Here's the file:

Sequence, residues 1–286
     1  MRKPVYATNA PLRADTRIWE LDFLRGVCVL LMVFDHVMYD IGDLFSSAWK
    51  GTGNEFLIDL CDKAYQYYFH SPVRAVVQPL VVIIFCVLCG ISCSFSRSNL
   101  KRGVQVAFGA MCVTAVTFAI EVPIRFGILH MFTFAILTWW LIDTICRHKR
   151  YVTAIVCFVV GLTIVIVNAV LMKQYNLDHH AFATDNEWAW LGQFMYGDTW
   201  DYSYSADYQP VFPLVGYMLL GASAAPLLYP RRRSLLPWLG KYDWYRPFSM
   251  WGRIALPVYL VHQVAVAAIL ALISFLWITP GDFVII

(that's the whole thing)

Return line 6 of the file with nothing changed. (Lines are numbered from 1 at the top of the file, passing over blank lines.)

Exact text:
   201  DYSYSADYQP VFPLVGYMLL GASAAPLLYP RRRSLLPWLG KYDWYRPFSM